Charles Sheeler.jpg (49872 bytes)

CHARLES SHEELER 1883-1965
Steam Turbine
, 1939
Oil on canvas, 22
X 18" (55.88 x 45.72 cm.)
Signed, lower right
Museum purchase, 950-0-111
 

 


In 1938, Charles Sheeler was commissioned by Fortune magazine to produce six paintings extolling America's industrial power. Sheeler visited power stations across the nation, photographing selected sites which became the basis for the paintings.' These paintings, known collectively as Power, were reproduced in a portfolio supplement to the December, 1940, issue of Fortune and exhibited from December 2 to December 21, 1940 at Edith Halpert's Downtown Gallery. The text of the Power portfolio claimed that Sheeler depicted machines not as "strange, inhuman masses of material, but exquisite manifestations of human reason," because the machine was to the present what the figure had been to the Renaissance. Steam Turbine, the fifth in the series, was based on one of the turbines at the Hudson Avenue Station of the Brooklyn Edison Company, New York, then the world's largest steam power plant. The curving, steam-filled loop dominates the composition; in the foreground are other machines such as heat exchangers, pumps, and automatic valves. Sheeler concentrated on the geometric perfection and implicit power of the forms, as he had done since his first big industrial commission, photographing Henry Ford's River Rouge Plant outside Detroit, in 1927.
Sheeler, who was born in Philadelphia in 1883, first succeeded as a painter. However, in 1912, after studying at the School of Industrial Art and the Pennsylvania Academy of the Fine Arts in Philadelphia, he began to support himself as an architectural photographer. From 1910 to 1919 he spent weekends in Bucks County where his interest in the beautiful expression of function in vernacular art and architecture, particularly that of the Shakers, became a subject for both paintings and photographs. In the 1920s, while working as a commercial photographer for Cond'e Nast, he was associated with artists who are now called Precisionists for the precise way in which they treated their themes, particularly industrial subjects. After a solo exhibition at the Downtown Gallery in 1931, he was known primarily as a realist painter, though beginning in the 1940s he sought to capture the overview of images as seen by the moving eye in semi-abstract paintings. Sheeler's achievement was that he was both a distinguished painter and photographer and found a rationale for "machine art" between the world wars.
In 1928, Sheeler was commissioned to photograph the ocean liner, the US.S. Majestic. His work, Upper Deck (1929, Harvard University Art Museums, Fogg Art Museum), based on that photograph, was a turning point because, for the first time, Sheeler discovered how to achieve photographic qualities in paint. As he later recalled, "Starting with Upper Deck I have sought to have a complete conception of the picture established in my mind, much as the architect completes his plans before the work of bringing the house into existence begins." Theodore E. Stebbins and Norman Keyes noted that in Upper Deck, "for the first time he did nothing to disguise or alter his photographic source." In the case of both Upper Deck and the Power series, he used the photograph, rather than a sketch, as a preliminary study because a photograph gave "actuality' and "greater definition."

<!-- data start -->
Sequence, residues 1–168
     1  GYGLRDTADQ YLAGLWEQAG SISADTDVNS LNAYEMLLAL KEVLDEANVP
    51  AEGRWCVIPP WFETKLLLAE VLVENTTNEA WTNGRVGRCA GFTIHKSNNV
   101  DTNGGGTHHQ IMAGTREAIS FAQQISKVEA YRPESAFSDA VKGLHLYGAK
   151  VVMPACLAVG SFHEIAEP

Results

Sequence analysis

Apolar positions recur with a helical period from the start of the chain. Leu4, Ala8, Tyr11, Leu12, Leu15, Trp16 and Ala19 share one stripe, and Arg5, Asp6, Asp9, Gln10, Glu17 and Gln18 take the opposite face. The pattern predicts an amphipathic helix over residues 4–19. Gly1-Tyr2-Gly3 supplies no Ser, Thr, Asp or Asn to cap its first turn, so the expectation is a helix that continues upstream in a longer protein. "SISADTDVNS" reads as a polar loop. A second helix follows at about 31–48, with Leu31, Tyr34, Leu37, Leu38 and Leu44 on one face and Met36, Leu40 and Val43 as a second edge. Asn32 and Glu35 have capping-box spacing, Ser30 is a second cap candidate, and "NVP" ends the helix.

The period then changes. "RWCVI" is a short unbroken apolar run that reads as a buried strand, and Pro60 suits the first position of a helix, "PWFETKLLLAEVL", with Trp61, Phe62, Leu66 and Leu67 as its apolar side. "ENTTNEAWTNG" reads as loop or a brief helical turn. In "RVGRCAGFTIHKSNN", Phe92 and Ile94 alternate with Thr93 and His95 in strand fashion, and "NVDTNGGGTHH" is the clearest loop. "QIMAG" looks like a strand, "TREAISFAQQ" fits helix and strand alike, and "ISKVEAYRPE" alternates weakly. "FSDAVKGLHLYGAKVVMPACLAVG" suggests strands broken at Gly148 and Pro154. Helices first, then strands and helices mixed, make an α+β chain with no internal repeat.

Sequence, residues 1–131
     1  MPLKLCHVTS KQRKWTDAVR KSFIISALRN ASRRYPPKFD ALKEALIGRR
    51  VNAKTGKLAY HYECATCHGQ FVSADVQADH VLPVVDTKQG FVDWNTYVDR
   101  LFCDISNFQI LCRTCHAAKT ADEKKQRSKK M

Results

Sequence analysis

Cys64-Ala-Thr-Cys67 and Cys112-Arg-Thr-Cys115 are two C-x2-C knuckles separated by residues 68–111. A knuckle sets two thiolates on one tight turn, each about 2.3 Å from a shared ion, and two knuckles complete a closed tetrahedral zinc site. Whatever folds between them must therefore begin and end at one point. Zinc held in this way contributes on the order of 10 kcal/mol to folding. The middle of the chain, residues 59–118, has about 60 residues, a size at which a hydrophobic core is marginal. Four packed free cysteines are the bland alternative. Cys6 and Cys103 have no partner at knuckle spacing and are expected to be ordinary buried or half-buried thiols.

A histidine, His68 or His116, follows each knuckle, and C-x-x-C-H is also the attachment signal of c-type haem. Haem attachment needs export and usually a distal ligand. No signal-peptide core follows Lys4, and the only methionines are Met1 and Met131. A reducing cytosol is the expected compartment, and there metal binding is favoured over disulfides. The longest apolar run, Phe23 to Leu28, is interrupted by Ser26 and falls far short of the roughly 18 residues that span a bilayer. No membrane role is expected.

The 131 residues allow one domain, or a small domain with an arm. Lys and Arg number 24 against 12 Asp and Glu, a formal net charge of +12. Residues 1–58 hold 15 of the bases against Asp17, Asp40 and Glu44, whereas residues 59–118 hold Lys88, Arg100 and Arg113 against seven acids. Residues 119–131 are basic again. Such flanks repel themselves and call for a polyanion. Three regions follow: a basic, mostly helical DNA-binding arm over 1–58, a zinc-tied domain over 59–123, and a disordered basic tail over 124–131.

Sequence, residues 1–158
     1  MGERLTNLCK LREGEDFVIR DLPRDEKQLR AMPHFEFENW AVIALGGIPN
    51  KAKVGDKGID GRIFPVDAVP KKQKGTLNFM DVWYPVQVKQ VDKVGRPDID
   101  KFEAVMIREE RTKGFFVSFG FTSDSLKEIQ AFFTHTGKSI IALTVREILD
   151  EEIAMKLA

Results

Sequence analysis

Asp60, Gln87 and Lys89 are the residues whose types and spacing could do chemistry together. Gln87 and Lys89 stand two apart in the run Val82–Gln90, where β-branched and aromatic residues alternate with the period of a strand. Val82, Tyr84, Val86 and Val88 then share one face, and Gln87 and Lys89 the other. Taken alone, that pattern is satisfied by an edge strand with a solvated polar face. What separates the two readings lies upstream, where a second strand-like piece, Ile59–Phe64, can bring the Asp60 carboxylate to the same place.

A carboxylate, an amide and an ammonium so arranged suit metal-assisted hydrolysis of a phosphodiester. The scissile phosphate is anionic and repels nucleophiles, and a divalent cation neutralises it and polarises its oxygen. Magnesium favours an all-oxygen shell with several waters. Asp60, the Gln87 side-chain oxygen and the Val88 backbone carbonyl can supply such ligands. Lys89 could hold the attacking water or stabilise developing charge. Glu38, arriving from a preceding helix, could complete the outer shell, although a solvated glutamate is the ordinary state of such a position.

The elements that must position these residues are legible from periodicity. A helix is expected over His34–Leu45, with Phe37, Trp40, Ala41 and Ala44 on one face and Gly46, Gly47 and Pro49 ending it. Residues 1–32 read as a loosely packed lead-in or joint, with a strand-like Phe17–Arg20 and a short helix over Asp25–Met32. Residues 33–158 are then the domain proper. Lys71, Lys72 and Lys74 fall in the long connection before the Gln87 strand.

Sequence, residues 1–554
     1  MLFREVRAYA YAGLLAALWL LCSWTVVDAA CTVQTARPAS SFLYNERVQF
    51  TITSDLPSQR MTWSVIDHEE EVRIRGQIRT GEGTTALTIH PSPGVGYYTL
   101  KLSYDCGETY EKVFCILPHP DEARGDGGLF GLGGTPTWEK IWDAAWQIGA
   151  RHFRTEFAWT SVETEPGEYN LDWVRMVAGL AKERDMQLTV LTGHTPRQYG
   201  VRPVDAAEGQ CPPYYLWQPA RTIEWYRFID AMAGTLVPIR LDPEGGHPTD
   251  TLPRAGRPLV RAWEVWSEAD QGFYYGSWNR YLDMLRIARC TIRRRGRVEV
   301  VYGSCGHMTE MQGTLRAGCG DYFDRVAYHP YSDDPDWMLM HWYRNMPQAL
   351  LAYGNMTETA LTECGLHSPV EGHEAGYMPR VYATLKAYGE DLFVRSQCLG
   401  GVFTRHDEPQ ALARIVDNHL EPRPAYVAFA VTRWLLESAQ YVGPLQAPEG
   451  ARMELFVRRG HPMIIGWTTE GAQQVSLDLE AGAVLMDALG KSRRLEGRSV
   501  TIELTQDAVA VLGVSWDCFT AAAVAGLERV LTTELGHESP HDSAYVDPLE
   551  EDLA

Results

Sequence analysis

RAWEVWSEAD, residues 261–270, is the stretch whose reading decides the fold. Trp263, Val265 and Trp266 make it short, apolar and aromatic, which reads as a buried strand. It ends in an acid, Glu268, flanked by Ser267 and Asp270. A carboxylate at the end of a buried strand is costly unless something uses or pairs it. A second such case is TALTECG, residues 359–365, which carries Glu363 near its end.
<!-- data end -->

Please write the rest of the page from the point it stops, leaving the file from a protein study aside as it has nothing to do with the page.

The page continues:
Sheeler consciously sought an architectural structure and an impersonal surface, devoid of temperamental slashes of paint or layers suggesting sequences of time. He did not underpaint. He wanted to eliminate "the means to the end, meaning the technique as far as possible and to present the subject in itself without the distraction of the means of achieving it . . . " But in Sheeler's best paintings, the impersonal surface shimmers; it is like a still reflection in a pond, not just a reflection of a single, unified image but an image of concentration. In Steam Turbine, the precision of the geometric structure, the subtlety of the paint surface, and the nuances of color simultaneously convey both the information of a photograph and the qualities of a painting.
Critics were not always pleased with the obvious relationship between photographs and paintings in Sheeler's work. Milton Brown, perhaps his strongest critic, noted in his review of the Power series that the paintings were probably the most photographic of Sheeler's works, lacking the abstract quality of some of his earlier paintings. Brown found the color "cold and unexpressive." His severest criticism was that the paintings failed to capture the "dynamic energy hidden within these engines of power, the potentialities of movement, creation, or destruction." But in saying that there was "no longer a question of any such principle as the relation of art to nature," Brown misunderstood Sheeler, because for Sheeler the detailed "exactitude" of photography offered the most complete view of nature and thus the best source for his art.

MARLENE PARK